The downward sloping red line in the chart below is called a "regression" line.  This is the trend line for the overdose and prescribing data from all 50 states in 2016. If there were a connection between high rates of opioid prescribing and overdoses, we’d expect the regression line to be pointing upward, not downward.

Overdose mortality rates are actually lower in high-prescribing states! 

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One plausible explanation for the downward sloping line is that in states where prescribing has been more suppressed, patients are being driven into unsafe street markets or are committing suicide when overwhelmed by pain.   

These findings have previously been published in the blog of Dr. Lynn Webster, former President of the American Academy of Pain Medicine and author of "The Painful Truth." 

The implications of this analysis are glaring: the National Center for Injury Prevention and Control has created a fatally flawed guideline which actively increases injury rather than reducing it.   

Taken in sum, the evidence reveals that key assumptions on which the CDC guideline is based are simply and conclusively wrong.  Continued refusal to reevaluate the guideline is morally, ethically, medically and legally wrong. The 2016 CDC guideline on opioids must be retracted.  NOW! 

(Editor’s note: Dr. Redfield is CDC Director and Dr. Houry is Director of the CDC National Center for Injury Prevention and Control. A longer version of this open letter has been sent by email to other federal agencies and officials.)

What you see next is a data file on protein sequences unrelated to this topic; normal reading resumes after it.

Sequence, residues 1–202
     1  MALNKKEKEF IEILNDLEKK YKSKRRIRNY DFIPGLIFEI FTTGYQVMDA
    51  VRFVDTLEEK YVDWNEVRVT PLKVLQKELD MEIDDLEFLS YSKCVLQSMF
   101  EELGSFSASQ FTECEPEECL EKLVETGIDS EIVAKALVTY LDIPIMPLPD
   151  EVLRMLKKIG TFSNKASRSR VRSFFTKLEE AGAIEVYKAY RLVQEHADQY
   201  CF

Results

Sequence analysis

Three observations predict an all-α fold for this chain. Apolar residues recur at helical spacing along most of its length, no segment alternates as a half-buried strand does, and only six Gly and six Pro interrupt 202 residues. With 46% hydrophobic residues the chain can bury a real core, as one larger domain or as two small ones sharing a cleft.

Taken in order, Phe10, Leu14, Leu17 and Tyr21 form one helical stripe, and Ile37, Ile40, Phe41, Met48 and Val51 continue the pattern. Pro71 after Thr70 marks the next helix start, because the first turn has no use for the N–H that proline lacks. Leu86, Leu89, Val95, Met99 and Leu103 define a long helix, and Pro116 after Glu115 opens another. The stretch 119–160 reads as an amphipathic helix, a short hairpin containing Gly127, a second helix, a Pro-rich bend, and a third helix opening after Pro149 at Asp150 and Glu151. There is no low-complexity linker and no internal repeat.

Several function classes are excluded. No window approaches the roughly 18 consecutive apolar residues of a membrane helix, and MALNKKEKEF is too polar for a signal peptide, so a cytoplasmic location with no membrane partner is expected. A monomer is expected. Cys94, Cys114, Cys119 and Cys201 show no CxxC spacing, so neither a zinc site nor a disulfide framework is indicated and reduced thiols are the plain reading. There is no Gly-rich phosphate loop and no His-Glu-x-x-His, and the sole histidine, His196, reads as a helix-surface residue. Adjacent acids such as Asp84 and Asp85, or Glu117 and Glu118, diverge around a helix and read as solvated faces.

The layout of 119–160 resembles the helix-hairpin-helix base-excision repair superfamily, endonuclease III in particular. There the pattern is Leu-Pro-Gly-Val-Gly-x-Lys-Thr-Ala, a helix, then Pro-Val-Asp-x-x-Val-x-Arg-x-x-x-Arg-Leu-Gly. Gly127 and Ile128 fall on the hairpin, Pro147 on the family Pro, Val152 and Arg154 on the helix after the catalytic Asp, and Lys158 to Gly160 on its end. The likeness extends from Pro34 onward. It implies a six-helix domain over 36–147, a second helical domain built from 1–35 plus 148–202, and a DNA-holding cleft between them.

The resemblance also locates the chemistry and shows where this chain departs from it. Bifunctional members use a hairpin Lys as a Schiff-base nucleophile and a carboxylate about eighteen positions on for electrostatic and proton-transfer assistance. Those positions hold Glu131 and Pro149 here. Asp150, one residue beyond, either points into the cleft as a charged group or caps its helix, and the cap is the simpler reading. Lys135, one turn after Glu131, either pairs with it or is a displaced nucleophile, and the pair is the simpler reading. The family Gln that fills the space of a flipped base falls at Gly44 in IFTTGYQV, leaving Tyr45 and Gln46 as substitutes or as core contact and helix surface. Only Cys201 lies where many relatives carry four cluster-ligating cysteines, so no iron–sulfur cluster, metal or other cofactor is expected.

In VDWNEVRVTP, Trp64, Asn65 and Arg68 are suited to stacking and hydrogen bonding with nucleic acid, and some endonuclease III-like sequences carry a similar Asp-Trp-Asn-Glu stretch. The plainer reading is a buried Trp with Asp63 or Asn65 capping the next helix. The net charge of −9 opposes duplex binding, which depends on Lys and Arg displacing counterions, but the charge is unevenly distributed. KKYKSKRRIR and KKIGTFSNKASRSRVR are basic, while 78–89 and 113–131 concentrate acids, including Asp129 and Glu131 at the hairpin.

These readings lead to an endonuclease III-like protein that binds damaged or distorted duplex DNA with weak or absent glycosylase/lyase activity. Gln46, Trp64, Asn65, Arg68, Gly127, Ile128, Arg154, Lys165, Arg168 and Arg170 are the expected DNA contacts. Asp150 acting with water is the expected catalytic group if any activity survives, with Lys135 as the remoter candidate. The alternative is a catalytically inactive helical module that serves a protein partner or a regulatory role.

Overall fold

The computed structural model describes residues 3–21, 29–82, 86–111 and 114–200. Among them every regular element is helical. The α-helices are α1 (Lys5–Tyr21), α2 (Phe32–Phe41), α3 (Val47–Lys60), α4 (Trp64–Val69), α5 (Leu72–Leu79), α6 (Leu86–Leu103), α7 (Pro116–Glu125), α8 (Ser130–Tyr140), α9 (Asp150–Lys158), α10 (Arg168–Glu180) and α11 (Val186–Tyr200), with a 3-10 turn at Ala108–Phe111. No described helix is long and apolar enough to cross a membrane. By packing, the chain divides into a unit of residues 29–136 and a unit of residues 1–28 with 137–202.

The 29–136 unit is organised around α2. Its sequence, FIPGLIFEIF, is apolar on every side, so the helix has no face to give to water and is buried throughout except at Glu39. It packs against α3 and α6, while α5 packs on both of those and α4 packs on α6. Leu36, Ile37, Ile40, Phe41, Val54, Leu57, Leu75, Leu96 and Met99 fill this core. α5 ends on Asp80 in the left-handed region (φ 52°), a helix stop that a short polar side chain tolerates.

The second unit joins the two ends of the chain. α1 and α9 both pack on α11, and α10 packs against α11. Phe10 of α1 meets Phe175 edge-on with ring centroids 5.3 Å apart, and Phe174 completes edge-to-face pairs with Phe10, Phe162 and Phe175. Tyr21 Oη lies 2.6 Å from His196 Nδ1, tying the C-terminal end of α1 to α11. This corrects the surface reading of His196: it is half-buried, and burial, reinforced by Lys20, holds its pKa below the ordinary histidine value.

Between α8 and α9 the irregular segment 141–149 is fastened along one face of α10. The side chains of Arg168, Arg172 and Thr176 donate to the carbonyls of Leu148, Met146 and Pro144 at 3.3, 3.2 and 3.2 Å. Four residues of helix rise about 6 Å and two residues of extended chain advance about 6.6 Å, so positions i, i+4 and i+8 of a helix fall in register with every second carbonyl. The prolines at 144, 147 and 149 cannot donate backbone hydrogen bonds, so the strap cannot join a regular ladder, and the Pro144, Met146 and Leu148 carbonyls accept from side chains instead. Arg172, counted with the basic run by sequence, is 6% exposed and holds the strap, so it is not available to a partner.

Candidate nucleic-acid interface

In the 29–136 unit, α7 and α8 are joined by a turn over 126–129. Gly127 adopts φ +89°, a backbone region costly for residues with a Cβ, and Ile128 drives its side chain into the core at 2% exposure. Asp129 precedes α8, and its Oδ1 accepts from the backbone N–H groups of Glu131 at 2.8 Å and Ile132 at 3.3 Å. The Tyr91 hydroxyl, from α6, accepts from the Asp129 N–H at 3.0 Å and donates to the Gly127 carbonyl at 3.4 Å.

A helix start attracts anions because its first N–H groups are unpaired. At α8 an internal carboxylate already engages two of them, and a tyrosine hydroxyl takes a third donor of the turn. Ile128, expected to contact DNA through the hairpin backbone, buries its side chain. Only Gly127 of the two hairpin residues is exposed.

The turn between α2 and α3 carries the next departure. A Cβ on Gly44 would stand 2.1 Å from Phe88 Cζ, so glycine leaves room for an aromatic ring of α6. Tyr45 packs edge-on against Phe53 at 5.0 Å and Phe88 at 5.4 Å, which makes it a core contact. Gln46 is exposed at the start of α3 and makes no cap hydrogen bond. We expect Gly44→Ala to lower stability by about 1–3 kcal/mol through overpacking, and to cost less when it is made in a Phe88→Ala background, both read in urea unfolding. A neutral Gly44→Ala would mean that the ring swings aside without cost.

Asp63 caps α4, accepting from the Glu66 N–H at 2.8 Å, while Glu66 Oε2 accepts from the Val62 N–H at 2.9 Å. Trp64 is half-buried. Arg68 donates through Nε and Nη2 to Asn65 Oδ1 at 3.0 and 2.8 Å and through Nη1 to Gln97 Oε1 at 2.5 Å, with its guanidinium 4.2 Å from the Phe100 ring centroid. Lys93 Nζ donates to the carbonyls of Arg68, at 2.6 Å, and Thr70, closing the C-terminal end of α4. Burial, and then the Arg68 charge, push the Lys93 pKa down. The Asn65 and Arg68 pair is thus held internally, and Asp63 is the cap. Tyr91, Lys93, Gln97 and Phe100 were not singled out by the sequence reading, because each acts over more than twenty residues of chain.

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Richard “Red” Lawhern, PhD, has for over 20 years volunteered as a patient advocate in online pain communities and a subject matter expert on public policy for medical opioids.  Red is co-founder and Director of Research for The Alliance for the Treatment of Intractable Pain.

The information in this column should not be considered as professional medical advice, diagnosis or treatment. It is for informational purposes only and represents the author’s opinions alone. It does not inherently express or reflect the views, opinions and/or positions of Pain News Network.

Rising Overdoses Show CDC Guideline Not Working

By Pat Anson, PNN Editor

Rising suicides and drug overdose deaths led to another decline in U.S. left expectancy last year, according to two sobering reports released by the Centers for Disease Control and Prevention.

Americans born in 2017 are expected to live 78.6 years, about one month less than those born in 2016. Life expectancy has fallen or remained flat in the U.S. for three consecutive years. The UK is the only other country in the industrialized world where life expectancy is dropping.

“Tragically, this troubling trend is largely driven by deaths from drug overdose and suicide. Life expectancy gives us a snapshot of the Nation’s overall health and these sobering statistics are a wakeup call that we are losing too many Americans, too early and too often, to conditions that are preventable,” CDC director Robert Redfield, MD, said in a statement.

Redfield, who almost lost a son to a drug overdose, has been nearly invisible since becoming CDC director in March. He has previously called the opioid epidemic “the public health crisis of our time” and pledged to “bring this epidemic to its knees.”

So far, the CDC’s strategies, including its controversial 2016 opioid prescribing guideline, are not working. As PNN has reported, the guideline may even be contributing to the rising number of suicides and overdoses.

Over 70,200 people died of a drug overdose in 2017 – the highest number on record and nearly a 10 percent increase from 2016. Deaths involving illicit fentanyl and other synthetic, mostly black market opioids surged 45 percent, while deaths involving natural or semisynthetic opioids, mostly painkillers such as oxycodone and hydrocodone, remained flat.  The rate of heroin deaths also remained unchanged.

SOURCE: CDC

SOURCE: CDC